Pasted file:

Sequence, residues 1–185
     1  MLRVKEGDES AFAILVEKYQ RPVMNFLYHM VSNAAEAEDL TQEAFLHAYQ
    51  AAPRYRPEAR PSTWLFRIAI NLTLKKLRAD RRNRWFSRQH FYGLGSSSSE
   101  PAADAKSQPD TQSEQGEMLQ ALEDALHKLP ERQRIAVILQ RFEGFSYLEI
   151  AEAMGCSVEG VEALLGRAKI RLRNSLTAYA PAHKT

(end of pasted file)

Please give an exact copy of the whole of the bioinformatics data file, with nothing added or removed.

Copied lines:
Sequence, residues 1–185
     1  MLRVKEGDES AFAILVEKYQ RPVMNFLYHM VSNAAEAEDL TQEAFLHAYQ
    51  AAPRYRPEAR PSTWLFRIAI NLTLKKLRAD RRNRWFSRQH FYGLGSSSSE
   101  PAADAKSQPD TQSEQGEMLQ ALEDALHKLP ERQRIAVILQ RFEGFSYLEI
   151  AEAMGCSVEG VEALLGRAKI RLRNSLTAYA PAHKT